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Vitamin D deficiency and its correction in children with sickle cell anaemia.
Ann Hematol 2014; 93(12):2051-6AH

Abstract

Vitamin D deficiency is common in sickle cell anaemia (SCA, HbSS), although its significance and optimal means of correction are unknown. We conducted an audit to assess the clinical significance of 25-hydroxy vitamin D (25-OHD) deficiency in children with SCA and to evaluate two methods of vitamin D supplementation. We audited 25-OHD levels in 81 children with SCA and looked for statistical associations with biochemical, haematological and clinical parameters. In a separate group of regularly transfused children with SCA, we compared changes in 25-OHD blood concentrations following treatment with either high-dose intramuscular ergocalciferol (n = 15) or 4 days of high-dose oral cholecalciferol (n = 64). Ninety-one percent of children with SCA had 25-OHD levels <20 μg/L. The 25-OHD levels were negatively correlated with increasing age (P < 0.001) but showed no significant relationship to laboratory measurements, transcranial Doppler velocities or hospital attendance. Both intramuscular ergocalciferol and oral cholecalciferol supplementations resulted in increases of 25-OHD blood concentration to normal levels. The mean dose of ergocalciferol was greater than that of cholecalciferol (7,729 versus 5,234 international units (IU)/kg, P < 0.001), but the increment in 25-OHD levels was significantly greater in the oral cholecalciferol group (6.44 versus 2.82 (ng/L)/(IU/kg), P < 0.001). Both approaches resulted in vitamin D sufficiency for about 120 days. Increased 25-OHD concentration was significantly associated with increased serum calcium concentration. Vitamin D deficiency is very common in SCA and can be effectively corrected with high-dose intramuscular ergocalciferol or 4 days of high-dose oral cholecalciferol. Prospective, randomised studies are needed to assess the clinical value of vitamin D supplementation.

Authors+Show Affiliations

Department of Paediatric Haematology, King's College Hospital, King's College London, Denmark Hill, London, SE5 9RS, UK.No affiliation info availableNo affiliation info availableNo affiliation info availableNo affiliation info availableNo affiliation info available

Pub Type(s)

Journal Article

Language

eng

PubMed ID

24981689

Citation

Wykes, Clare, et al. "Vitamin D Deficiency and Its Correction in Children With Sickle Cell Anaemia." Annals of Hematology, vol. 93, no. 12, 2014, pp. 2051-6.
Wykes C, Arasaretnam A, O'Driscoll S, et al. Vitamin D deficiency and its correction in children with sickle cell anaemia. Ann Hematol. 2014;93(12):2051-6.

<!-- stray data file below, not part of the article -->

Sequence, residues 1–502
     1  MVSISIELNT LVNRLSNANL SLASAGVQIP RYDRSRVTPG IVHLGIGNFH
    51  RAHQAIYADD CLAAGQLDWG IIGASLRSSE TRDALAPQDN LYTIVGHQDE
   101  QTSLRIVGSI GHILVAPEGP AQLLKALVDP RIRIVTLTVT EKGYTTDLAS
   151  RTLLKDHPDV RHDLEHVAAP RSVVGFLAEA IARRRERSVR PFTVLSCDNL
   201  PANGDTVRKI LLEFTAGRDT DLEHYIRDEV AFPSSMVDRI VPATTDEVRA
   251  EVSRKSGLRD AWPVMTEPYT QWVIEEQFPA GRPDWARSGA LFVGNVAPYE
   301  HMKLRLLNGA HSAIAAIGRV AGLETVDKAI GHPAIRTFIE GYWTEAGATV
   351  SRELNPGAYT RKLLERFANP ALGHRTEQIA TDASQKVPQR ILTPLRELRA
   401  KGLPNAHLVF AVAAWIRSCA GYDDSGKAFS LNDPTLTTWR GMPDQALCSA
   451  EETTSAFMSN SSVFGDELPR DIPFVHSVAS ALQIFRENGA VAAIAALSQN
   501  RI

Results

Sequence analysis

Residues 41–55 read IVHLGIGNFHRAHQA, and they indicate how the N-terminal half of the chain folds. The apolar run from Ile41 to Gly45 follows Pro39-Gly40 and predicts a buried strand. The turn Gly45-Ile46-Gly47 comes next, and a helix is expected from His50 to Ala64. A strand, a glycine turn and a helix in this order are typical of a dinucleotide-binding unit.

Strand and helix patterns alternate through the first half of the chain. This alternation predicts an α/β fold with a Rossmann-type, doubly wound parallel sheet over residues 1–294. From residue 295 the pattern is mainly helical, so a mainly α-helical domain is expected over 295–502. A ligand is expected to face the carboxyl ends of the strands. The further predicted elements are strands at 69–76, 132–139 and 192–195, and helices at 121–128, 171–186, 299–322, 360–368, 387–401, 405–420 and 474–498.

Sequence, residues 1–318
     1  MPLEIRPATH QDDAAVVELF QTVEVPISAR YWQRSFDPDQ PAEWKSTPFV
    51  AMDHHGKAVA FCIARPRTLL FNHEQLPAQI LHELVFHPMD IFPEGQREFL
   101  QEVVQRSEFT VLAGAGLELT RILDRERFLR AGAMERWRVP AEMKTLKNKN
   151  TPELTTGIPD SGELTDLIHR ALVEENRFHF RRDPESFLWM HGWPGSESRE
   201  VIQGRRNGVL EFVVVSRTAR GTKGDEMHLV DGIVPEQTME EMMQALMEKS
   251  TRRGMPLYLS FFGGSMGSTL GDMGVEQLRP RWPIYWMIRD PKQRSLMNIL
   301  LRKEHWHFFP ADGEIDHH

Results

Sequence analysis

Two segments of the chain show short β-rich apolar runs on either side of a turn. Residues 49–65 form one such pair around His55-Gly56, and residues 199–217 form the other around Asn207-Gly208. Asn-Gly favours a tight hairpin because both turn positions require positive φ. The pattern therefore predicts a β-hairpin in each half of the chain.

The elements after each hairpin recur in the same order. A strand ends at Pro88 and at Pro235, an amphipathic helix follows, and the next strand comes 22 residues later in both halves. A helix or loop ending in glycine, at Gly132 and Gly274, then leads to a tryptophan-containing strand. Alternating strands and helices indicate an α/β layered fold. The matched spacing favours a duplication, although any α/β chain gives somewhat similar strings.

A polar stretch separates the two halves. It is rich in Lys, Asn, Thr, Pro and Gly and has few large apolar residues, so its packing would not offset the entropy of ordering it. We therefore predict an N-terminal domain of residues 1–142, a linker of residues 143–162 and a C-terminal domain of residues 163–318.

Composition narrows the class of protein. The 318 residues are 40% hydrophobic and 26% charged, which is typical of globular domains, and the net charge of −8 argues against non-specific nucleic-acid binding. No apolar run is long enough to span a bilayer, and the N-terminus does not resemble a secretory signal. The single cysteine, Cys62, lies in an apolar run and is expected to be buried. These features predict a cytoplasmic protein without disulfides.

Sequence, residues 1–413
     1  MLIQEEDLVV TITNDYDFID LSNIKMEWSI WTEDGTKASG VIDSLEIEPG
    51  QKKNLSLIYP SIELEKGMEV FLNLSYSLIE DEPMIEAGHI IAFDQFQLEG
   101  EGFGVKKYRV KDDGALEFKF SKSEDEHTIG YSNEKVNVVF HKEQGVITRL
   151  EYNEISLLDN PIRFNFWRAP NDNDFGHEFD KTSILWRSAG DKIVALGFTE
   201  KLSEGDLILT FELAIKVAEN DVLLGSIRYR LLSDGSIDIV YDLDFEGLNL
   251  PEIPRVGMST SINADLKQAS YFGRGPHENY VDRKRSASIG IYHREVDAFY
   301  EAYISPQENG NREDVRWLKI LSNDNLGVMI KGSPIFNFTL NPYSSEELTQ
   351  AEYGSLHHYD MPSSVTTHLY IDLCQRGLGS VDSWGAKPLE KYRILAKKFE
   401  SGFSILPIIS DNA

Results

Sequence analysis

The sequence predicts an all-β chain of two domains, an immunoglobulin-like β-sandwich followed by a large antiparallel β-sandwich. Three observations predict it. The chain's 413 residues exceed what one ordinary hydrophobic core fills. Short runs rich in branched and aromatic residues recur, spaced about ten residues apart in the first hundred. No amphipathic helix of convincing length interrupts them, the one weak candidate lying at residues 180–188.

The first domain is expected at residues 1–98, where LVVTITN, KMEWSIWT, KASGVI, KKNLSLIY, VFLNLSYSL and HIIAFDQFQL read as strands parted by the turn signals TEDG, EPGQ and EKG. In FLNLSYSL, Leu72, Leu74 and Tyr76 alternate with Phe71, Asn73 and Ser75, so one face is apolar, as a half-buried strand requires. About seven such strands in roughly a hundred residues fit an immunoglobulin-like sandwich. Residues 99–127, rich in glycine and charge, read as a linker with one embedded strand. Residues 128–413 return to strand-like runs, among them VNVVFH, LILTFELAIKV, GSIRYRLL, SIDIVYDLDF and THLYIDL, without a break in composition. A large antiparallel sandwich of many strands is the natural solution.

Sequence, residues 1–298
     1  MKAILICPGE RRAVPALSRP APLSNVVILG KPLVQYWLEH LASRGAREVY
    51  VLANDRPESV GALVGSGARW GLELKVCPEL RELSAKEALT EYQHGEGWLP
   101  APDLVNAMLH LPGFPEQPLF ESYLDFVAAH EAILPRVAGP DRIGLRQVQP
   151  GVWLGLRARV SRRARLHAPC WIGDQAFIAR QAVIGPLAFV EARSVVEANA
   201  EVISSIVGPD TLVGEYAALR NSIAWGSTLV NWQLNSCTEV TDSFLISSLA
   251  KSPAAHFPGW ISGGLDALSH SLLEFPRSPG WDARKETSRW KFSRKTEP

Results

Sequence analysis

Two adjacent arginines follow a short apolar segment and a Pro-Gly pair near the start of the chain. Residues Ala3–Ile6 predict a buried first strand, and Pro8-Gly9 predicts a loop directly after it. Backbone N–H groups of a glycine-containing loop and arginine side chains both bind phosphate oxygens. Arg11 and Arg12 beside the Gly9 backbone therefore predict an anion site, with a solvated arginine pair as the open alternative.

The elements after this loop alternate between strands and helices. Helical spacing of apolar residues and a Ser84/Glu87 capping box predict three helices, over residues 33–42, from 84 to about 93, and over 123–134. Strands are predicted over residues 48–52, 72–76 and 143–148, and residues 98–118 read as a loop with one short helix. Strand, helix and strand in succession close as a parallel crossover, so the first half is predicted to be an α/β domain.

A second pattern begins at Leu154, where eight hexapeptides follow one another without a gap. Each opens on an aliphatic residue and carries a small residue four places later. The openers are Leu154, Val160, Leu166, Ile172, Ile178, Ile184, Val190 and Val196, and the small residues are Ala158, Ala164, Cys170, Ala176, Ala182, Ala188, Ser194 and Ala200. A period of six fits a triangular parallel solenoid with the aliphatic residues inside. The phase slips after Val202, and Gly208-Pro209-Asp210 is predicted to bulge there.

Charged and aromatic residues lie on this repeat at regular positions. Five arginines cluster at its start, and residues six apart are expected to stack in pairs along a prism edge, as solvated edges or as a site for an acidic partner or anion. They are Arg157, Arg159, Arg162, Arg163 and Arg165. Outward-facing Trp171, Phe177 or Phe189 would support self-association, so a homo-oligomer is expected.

Wykes, C., Arasaretnam, A., O'Driscoll, S., Farnham, L., Moniz, C., & Rees, D. C. (2014). Vitamin D deficiency and its correction in children with sickle cell anaemia. Annals of Hematology, 93(12), pp. 2051-6. doi:10.1007/s00277-014-2144-7.
Wykes C, et al. Vitamin D Deficiency and Its Correction in Children With Sickle Cell Anaemia. Ann Hematol. 2014;93(12):2051-6. PubMed PMID: 24981689.
* Article titles in AMA citation format should be in sentence-case
TY - JOUR T1 - Vitamin D deficiency and its correction in children with sickle cell anaemia. AU - Wykes,Clare, AU - Arasaretnam,Anita, AU - O'Driscoll,Sandra, AU - Farnham,Laura, AU - Moniz,Caje, AU - Rees,David C, Y1 - 2014/07/02/ PY - 2014/04/14/received PY - 2014/06/19/accepted PY - 2014/7/2/entrez PY - 2014/7/2/pubmed PY - 2015/1/3/medline SP - 2051 EP - 6 JF - Annals of hematology JO - Ann. Hematol. VL - 93 IS - 12 N2 - Vitamin D deficiency is common in sickle cell anaemia (SCA, HbSS), although its significance and optimal means of correction are unknown. We conducted an audit to assess the clinical significance of 25-hydroxy vitamin D (25-OHD) deficiency in children with SCA and to evaluate two methods of vitamin D supplementation. We audited 25-OHD levels in 81 children with SCA and looked for statistical associations with biochemical, haematological and clinical parameters. In a separate group of regularly transfused children with SCA, we compared changes in 25-OHD blood concentrations following treatment with either high-dose intramuscular ergocalciferol (n = 15) or 4 days of high-dose oral cholecalciferol (n = 64). Ninety-one percent of children with SCA had 25-OHD levels <20 μg/L. The 25-OHD levels were negatively correlated with increasing age (P < 0.001) but showed no significant relationship to laboratory measurements, transcranial Doppler velocities or hospital attendance. Both intramuscular ergocalciferol and oral cholecalciferol supplementations resulted in increases of 25-OHD blood concentration to normal levels. The mean dose of ergocalciferol was greater than that of cholecalciferol (7,729 versus 5,234 international units (IU)/kg, P < 0.001), but the increment in 25-OHD levels was significantly greater in the oral cholecalciferol group (6.44 versus 2.82 (ng/L)/(IU/kg), P < 0.001). Both approaches resulted in vitamin D sufficiency for about 120 days. Increased 25-OHD concentration was significantly associated with increased serum calcium concentration. Vitamin D deficiency is very common in SCA and can be effectively corrected with high-dose intramuscular ergocalciferol or 4 days of high-dose oral cholecalciferol. Prospective, randomised studies are needed to assess the clinical value of vitamin D supplementation. SN - 1432-0584 UR - https://www.unboundmedicine.com/medline/citation/24981689/Vitamin_D_deficiency_and_its_correction_in_children_with_sickle_cell_anaemia_ L2 - https://dx.doi.org/10.1007/s00277-014-2144-7 DB - PRIME DP - Unbound Medicine ER -